Then again, there’s nothing wrong with cutting up basil and watching it burn. There’s nothing wrong with having whiskey on a day off. In fact, those simple things are what all the fights are for – a right to live peacefully and with minor comforts.

So I don’t know if I did a good job celebrating the legacy of King. He’s a powerful symbol and was an even more powerful human voice. But I’d like to think that by writing this, at least, I can share a bit of what peace is about. That being good starts with holding two tight threads: one tied to the necks of everyone suffering; the other on a knot of garlic, or a loaf of wheat bread.

Novel Count: 17,508

Currently Reading: Killing Commendatore, Haruki Murakami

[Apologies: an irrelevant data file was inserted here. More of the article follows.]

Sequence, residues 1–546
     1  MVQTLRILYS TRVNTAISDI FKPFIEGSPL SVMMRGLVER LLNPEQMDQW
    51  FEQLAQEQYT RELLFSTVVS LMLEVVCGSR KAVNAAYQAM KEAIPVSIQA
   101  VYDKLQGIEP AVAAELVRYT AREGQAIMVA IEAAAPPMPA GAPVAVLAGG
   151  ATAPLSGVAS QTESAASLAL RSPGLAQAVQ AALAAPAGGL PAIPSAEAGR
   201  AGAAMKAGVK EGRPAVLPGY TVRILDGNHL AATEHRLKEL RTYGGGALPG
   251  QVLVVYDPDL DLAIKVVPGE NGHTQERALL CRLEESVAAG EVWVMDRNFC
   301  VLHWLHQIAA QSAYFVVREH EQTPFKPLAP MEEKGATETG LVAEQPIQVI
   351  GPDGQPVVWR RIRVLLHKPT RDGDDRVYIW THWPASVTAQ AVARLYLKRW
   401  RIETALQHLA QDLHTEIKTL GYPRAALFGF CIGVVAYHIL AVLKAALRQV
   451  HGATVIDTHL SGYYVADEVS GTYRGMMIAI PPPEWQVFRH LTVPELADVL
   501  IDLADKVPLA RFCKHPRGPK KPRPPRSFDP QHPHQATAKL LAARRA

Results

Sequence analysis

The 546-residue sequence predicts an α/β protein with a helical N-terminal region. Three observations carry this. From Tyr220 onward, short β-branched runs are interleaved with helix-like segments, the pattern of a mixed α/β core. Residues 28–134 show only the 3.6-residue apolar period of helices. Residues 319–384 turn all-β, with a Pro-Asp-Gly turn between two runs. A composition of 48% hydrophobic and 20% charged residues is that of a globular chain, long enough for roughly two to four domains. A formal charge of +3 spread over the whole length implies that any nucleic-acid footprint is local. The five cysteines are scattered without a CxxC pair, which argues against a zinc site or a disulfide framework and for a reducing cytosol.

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We must come to see that the end we seek is a society at peace with itself, a society that can live with its conscience.

Martin Luther King, Jr.


Coffee Log, Day 308

Hi.

Coffee: Americano, Caribou Coffee; I asked the barista if she’d had a nice holiday; her eyes got real narrow and she looked like she was about to spit in my drink; eventually, when the coffee came, it was double-cupped; ‘we’re out of sleeves,’ she says; I imagine it took great restraint for her not to burn me for the affront of holiday small-talk. Oh, and the coffee was alright.

And it’s another Wednesday. Christmas is over, the year’s winding down. I’ve still got half my life packed in the backpack I’d taken on the trip to my family. My room feels like a hostel. Holiday vagabonds.